Economists from the European Central Bank are on the scene of the country’s most recent economic crisis to deliver a lecture series that’s received a boost in popularity since the country is preparing for a second election.

“Austerity and a recession is the biggest economic challenge we face in Europe, and we have a duty to respond in a timely and credible manner to this challenge,” says economist Ricardo Salazar.

The lectures, which have been delivered in a series of sessions, are a continuation of the ECB’s recent efforts to raise the profile of its efforts to boost the economy.

Salazar, a former ECB chief economist, is presenting his views on how the eurozone crisis has affected Spain and Europe.

While he’s been making the rounds at the ECB for more than a year, Salazar’s lecture tour is set to kick off in Spain this month.

The economic crisis in Spain has had a profound impact on the country.

In just the past month, the country has experienced its worst recession since the 2008 financial crisis, which ended with a government bailout that was worth around 30 billion euros.

Salzas lecture series, which started last year, will focus on the impact of the recession on Spain’s economic future, including the possibility of another round of austerity.

The ECB is calling for “flexibility and innovation” to be the main theme of Salazar s lecture series.

Salazas lecture is being sponsored by the Institute of International Economics (IEE), an economic think tank in Spain, and the European Commission, which is coordinating the series.

The IEE is also taking part in the tour with the EU Commission, and Spain is also the first European country to host a series.

“The idea behind this series is to show that the economic crisis is not only a threat to the financial stability of the eurozone, but also to the future of Europe,” says Josep Salazar Muntas, head of the IEE.

“Spain has the opportunity to shape the course of the European Union, to make its own choice, and to be a major player in the global economy.”

Salazar is not the only one presenting a lecture.

“IEE is a big player in economics and IEE has a very strong presence in Spain,” says Javier Cunha, an economist at the Bank of Spain.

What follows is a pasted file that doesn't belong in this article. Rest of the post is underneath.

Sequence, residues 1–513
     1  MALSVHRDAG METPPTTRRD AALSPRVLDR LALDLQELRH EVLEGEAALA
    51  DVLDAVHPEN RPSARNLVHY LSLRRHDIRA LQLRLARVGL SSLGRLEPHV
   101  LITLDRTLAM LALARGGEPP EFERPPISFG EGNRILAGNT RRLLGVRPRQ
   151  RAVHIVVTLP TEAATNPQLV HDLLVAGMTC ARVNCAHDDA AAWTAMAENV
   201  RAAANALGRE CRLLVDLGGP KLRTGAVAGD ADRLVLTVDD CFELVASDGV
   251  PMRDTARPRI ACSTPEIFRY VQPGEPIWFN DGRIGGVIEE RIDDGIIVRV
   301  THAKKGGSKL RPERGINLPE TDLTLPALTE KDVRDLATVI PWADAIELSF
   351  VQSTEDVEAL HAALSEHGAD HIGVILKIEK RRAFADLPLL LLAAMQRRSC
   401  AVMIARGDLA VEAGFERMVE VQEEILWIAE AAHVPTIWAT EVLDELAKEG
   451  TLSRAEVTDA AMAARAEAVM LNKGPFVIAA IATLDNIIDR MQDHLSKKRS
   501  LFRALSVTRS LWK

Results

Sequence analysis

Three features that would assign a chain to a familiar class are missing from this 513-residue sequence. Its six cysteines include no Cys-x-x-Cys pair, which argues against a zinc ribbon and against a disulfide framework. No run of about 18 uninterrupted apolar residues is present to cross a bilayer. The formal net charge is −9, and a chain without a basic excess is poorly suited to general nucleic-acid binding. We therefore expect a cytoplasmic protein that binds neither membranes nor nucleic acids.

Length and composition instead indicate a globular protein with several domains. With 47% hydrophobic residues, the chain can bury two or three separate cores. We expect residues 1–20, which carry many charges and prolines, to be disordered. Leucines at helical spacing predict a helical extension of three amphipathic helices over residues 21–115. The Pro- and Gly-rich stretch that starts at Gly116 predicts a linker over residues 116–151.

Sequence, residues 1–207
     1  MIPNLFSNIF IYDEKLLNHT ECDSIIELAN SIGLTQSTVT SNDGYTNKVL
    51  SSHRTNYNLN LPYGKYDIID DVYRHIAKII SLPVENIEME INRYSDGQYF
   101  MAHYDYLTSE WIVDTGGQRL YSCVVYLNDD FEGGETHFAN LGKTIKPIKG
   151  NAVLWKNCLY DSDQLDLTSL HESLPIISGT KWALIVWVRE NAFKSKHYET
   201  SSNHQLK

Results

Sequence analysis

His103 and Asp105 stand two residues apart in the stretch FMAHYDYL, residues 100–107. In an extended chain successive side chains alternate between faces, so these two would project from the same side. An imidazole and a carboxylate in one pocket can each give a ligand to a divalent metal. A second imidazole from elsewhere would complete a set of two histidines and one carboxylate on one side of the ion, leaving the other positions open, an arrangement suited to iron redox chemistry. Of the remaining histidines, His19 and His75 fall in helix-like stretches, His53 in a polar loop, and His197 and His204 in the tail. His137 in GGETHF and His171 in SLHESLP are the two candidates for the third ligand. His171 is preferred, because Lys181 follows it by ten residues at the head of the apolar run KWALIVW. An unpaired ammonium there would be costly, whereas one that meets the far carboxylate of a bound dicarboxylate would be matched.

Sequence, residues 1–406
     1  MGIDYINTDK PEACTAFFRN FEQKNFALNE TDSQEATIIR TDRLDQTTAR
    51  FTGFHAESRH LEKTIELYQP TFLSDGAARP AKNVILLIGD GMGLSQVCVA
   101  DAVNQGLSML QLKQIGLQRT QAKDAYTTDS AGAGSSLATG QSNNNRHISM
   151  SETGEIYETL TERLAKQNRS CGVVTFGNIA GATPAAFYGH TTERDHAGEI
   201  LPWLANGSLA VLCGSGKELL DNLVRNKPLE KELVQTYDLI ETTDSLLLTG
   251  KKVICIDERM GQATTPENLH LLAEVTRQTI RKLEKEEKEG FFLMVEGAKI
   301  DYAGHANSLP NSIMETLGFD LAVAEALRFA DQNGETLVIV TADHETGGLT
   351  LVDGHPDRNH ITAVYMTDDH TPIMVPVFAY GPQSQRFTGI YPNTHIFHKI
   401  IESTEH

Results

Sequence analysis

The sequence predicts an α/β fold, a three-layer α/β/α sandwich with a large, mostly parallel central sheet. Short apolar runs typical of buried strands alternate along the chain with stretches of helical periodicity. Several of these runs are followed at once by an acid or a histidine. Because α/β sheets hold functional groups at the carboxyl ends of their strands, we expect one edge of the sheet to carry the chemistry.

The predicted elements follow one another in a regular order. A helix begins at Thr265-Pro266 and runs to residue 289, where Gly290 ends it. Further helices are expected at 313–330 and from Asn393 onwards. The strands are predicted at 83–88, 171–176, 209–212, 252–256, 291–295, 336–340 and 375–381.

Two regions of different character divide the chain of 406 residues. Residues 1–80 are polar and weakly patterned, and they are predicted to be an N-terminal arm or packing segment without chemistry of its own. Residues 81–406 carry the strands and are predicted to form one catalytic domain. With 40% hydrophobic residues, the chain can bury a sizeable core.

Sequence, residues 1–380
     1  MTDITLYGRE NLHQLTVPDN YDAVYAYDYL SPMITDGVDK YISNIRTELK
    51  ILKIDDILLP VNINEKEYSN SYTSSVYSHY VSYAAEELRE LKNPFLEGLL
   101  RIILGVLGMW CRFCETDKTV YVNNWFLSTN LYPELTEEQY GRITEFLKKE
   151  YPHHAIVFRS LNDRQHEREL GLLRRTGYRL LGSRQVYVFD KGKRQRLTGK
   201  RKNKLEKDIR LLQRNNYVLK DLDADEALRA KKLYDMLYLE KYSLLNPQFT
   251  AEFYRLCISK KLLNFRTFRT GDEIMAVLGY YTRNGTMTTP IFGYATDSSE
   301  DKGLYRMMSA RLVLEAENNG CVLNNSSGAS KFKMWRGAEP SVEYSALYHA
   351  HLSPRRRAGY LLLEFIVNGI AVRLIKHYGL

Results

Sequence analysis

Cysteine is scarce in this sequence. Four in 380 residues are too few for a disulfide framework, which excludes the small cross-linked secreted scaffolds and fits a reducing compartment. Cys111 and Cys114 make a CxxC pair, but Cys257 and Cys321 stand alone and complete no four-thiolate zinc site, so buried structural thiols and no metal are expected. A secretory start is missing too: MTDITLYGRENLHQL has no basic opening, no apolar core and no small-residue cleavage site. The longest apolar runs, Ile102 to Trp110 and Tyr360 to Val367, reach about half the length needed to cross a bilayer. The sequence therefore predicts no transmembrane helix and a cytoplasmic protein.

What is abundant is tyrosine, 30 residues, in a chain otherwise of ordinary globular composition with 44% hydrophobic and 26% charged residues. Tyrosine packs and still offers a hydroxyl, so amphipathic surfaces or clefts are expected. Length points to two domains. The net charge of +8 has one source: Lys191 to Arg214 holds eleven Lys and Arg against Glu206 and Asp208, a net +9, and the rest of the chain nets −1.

“But we have also a large number of participants from other sectors of the economy.”

Spain’s recession has affected the economy in a number of ways.

Unemployment has risen and public spending has been cut, with the government cutting subsidies to small businesses and schools.

Economists say the recession has also hurt Spain’s competitiveness and caused job losses.

In a speech last month, Salzs chief economist Miguel Pérez Perez said that Spain could lose around 800,000 jobs over the next three years because of the impact on wages.

Spain is one of the world’s biggest exporters of agricultural products, and it relies on agriculture for around one-third of its exports.

“When it comes to agriculture, we have not developed in a sustainable way,” Perez said.

“It’s important to know that there are opportunities for growth in the sector.

And we can work together to make it happen.”

Economists are also concerned about the impact that the austerity measures that were announced by the government last year have had on the economy’s ability to pay wages.

“There is a huge reduction in wages,” says Péter Salazar Hernández.

“We are seeing a decline in the productivity of many of the small businesses, but in terms of the wages of people, there is no difference.

Salzonas lecture, which takes place in a Barcelona auditorium, will start at 6:30 p.m. on October 17.”

If we want to have a future for our economy, we need to have good wage levels for our workers,” Herna says.

Salzonas lecture, which takes place in a Barcelona auditorium, will start at 6:30 p.m. on October 17.